An Illinois Last Will and Testament is a legal document that allows an individual, referred to as a Testator, to declare how they would like to distribute the assets of their estate after their death. These assets may include cash, property, personal belongings and anything else that the Testator may own. In Illinois, wills are governed and enforced by Chapter 755 of the Illinois Compiled Statutes, which dictate that the Testator must be at least 18 years old and of sound mind and memory. Furthermore, once the will has been completed, the Testator must have two (2) witnesses sign in his or her presence before the will may take effect. Additionally, these statutes govern other types of wills as well. For example, emergency situations, a Testator may employ an Oral Will, formerly known as a Nuncupative Will, or a Handwritten WIll, formally known as a Holographic Will. However, Illinois does not recognize either of these and will not enforce them as valid wills.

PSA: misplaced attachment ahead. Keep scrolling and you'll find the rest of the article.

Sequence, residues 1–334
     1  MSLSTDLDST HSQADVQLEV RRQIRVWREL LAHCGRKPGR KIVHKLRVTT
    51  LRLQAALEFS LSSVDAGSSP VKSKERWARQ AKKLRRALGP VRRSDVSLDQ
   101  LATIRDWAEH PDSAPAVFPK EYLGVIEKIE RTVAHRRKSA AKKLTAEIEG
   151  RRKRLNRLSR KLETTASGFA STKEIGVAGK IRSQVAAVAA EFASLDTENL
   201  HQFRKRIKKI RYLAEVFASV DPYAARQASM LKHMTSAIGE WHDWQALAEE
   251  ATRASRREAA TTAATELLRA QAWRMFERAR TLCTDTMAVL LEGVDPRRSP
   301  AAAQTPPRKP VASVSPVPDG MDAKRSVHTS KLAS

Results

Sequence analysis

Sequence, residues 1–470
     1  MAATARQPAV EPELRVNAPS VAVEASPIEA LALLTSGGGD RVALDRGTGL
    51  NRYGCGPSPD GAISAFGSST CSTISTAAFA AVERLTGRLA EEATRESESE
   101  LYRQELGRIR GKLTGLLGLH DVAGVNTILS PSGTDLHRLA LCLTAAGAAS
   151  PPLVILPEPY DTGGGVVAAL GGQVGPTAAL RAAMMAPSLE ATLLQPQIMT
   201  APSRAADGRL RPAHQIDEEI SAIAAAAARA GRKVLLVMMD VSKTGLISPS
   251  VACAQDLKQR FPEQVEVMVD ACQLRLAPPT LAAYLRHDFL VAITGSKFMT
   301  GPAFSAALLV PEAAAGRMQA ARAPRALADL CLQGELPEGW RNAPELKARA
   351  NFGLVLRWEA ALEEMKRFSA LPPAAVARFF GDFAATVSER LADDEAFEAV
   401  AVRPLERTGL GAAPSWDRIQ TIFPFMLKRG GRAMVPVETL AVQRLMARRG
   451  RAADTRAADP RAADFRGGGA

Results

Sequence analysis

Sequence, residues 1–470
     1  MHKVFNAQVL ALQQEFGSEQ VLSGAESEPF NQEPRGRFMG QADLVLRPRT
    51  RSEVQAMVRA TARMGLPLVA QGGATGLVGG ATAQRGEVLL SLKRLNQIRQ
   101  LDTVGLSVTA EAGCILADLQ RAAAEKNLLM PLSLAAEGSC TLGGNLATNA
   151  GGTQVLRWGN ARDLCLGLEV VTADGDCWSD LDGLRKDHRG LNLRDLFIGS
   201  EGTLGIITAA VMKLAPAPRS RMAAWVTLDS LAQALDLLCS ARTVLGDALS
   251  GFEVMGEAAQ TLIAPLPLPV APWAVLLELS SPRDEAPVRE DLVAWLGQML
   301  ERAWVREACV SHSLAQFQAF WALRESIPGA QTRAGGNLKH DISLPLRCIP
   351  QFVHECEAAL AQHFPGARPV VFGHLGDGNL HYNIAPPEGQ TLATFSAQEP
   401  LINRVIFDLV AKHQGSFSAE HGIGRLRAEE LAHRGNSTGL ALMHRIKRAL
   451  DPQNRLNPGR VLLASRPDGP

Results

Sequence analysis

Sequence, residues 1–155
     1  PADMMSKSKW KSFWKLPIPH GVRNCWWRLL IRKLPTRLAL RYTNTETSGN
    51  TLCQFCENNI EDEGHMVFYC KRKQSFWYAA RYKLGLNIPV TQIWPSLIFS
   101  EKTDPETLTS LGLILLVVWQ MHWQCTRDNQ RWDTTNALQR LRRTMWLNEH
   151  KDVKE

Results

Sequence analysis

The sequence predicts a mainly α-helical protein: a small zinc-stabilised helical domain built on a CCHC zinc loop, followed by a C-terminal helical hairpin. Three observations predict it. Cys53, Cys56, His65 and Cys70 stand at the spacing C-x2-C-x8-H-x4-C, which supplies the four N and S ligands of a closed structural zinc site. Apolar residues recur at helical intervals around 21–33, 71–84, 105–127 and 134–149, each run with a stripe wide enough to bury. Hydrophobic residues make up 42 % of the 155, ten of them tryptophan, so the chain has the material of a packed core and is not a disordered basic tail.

To complete a last will and testament in the state of Illinois, a Testator would need a few simple, yet detailed pieces of information. The first piece of information that the Testator would need to provide is his or her full name and address. Once this has been provided, the Testator must appoint an Executor. Once the Executor has been named, the Testator will then start to list his or her wishes. These wishes will cover important facts like who will inherit what, where liquid assets will go, and even funeral and repass arrangements. Once all of the Testator's wishes have been recorded and the will is completed to the standards that Illinois requires, the Testator and his or her two (2) witnesses may sign so the will may take effect.